Flu? What Me Worry?

by Dr. Ann L. Engelland

(October 26, 2004) As always, a New Yorker cartoon in my mail today captures it best. Roz Chast’s drawing shows three middle-aged folks standing under the caption: “Survivors of Near-Flu Experiences.” The surprised woman says: “I thought I was getting a chill, but, as it turns out, I was just cold!”

When our babysitter went home sick today, wondering if she had the flu, one of my middle-schoolers wondered aloud: ”Why is everyone so worried about the flu?” I would grant that the children of pediatricians are rather smug about mundane illnesses, but it struck me that she had indeed been influenced by the hype surrounding us.

So what is the deal? Do we need to panic that we can’t all get vaccinated, even those of us who fall into high-risk categories?

Some questions and answers:

Is the flu supposed to be worse this year than in years past?

There is no evidence at all to support that. The virus itself is no more potent, dangerous or lethal, and there is no reason to believe so far that there will be more cases than in the recent past. In fact last year’s “flu season” was relatively early and mild. Generally, the flu peaks in January although sporadic (and well publicized) cases are reported to have begun appearing already.

Why were so many people led to believe they should get vaccinated this year when they never got it before?

It’s an ironic and unfortunate coincidence that this year the government, Centers for Disease Control, and the American Academy of Pediatrics all urged clinicians to vaccinate nearly everyone. The thinking was that we had a safe, at least partially effective, and relatively inexpensive vaccine that if given in huge numbers to most of the population would help prevent a widespread epidemic of the flu. That was fine until the supply diminished.

Why do some people feel they must get the shot?

The vaccine is now (and hopefully temporarily) a scarce commodity. It has a new value that few thought of before. For some it seems to be a badge of “depends whom you know” kind of thing. I would say anyone flaunting the “ability” to obtain or luck into procuring a vaccine should keep his or her mouth shut. There will be millions of folks who should have the shot who won’t.

But they say there really is enough vaccine for those who need it.

Experts say that the absolute numbers show enough vaccine in circulation for all at highest risk and those who until recently would have been the only ones for whom it was recommended.

But, hold on. It’s not that simple. Much of the supply has already been delivered. The distribution to those most in need depends at this point on the good will of those providers who have it and their willingness to pass it on. It also depends on the privileged few with resources or connections to forego vaccination so, it is hoped, their doses can be recycled into the distribution stream. This is not difficult to do. When I found myself with fifty extra vaccines, one quick phone call to a busy internist was all it took to rid myself of this moral hot potato.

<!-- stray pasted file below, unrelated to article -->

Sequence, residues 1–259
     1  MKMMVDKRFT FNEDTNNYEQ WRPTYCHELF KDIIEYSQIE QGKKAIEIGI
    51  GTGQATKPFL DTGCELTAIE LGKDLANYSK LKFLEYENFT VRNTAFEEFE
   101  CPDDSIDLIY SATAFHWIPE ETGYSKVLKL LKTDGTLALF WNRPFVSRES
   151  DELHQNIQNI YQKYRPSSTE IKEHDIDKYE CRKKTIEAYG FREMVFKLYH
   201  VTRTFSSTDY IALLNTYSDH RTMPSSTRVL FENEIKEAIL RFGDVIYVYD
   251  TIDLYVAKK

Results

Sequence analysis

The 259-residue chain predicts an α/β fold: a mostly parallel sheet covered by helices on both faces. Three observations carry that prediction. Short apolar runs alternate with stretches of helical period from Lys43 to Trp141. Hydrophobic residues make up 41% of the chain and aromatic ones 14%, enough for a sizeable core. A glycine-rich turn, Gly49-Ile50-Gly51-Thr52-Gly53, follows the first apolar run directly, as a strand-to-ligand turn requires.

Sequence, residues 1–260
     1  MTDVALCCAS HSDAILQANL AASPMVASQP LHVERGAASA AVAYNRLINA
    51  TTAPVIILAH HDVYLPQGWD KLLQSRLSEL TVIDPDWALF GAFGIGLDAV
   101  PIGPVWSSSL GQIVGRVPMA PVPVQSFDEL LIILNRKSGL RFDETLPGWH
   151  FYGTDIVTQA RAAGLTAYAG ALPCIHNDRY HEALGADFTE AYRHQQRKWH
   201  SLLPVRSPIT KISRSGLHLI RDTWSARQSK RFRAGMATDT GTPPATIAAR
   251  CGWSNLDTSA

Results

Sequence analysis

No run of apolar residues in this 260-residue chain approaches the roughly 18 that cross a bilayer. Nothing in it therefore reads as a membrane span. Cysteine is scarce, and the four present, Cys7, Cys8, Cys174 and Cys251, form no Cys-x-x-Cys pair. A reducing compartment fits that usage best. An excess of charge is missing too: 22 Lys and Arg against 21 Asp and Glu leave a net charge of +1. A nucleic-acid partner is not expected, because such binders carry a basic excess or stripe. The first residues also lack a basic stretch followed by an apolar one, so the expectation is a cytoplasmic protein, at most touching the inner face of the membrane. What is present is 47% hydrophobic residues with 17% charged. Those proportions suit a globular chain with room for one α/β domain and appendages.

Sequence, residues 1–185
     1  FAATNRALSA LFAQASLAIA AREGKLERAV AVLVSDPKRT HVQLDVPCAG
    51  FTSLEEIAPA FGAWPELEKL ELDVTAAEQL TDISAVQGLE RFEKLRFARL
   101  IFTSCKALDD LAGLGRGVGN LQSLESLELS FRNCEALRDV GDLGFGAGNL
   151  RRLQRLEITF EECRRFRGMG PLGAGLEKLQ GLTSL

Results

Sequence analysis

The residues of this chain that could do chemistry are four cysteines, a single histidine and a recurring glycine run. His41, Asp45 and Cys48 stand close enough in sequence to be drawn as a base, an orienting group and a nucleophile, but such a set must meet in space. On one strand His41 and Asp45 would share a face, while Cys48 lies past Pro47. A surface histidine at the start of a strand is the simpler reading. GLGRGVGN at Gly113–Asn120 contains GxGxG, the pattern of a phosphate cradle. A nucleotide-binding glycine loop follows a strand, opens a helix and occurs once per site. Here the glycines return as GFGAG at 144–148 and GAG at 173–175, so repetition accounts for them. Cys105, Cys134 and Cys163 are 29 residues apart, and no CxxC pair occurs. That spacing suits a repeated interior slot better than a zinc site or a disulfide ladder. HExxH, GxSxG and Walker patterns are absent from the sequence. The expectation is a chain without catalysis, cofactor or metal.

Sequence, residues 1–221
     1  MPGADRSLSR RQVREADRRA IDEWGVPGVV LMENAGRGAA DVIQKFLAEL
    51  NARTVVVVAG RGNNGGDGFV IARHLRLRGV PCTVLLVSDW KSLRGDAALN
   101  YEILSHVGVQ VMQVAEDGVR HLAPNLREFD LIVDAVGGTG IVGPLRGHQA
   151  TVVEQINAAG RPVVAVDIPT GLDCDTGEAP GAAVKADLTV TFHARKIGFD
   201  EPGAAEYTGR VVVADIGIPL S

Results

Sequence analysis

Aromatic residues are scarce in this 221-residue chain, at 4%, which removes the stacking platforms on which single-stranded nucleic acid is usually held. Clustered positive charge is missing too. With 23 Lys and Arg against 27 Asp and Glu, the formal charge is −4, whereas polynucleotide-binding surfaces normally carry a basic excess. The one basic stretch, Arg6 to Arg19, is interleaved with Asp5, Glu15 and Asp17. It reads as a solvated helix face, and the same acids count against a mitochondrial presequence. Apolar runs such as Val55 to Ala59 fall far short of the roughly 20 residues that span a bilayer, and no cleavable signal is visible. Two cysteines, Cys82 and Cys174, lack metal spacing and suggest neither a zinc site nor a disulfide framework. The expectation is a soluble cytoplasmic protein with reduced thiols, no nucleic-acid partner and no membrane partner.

What about those who rationalize that the flu would wipe them out for ten days and they have important jobs to do?

This is a rare time in our lives when something has to be rationed. We are not used to any sort of altruistic sacrifice. Those who are eligible for the vaccine in this time of scarcity could truly die of the flu. It is much more than an inconvenience for them. Picture the child with severe asthma or cystic fibrosis. Picture the elderly man on an oxygen tank with emphysema. Picture the woman whose immune system is suppressed and is recovering from breast cancer. They could require hospitalization or artificial ventilation just to survive the flu.

Is there anything we can do to prevent the flu?

First of all, we all need to practice good nutrition, exercise and hygiene habits in order to minimize our exposure to virus and maximize our immune response. Good hand washing before eating is a simple and effective way to prevent all viruses transmitted in the same manner as the flu, including the common cold. It sounds basic, but we often neglect this important habit and need to remind our kids to wash when they come home, before eating and after using the bathroom. Simple.

What are the symptoms of the flu? How do I know if I really have it?

The flu typically begins with fever, upper respiratory symptoms, runny nose, cough, aches all over, and general malaise. People generally want to go to bed, be pampered, and rest. Most often the symptoms worsen over 2 to 3 days then begin to abate. If the symptoms worsen after 4 to 5 days, a secondary infection like pneumonia or sinusitis may have set in and may require an antibiotic.

Although it is possible to make a definitive diagnosis, it does not serve any useful purpose in most patients, other than for epidemiological tracking.

What remedies are recommended?

Unless you are a person who is at risk of severe lung disease, wheezing, or pneumonia from the flu, chances are that time-tested remedies like rest, fluids, painkillers and Ibuprofen (Advil family) or Acetaminophen (Tylenol family) will help most. When it still feels unbearable, most doctors recommend Jewish Penicillin—chicken soup.

Dr. Engelland has a practice in Mamaroneck devoted to Adolescent Primary Care. She can be reached at 698-5544.

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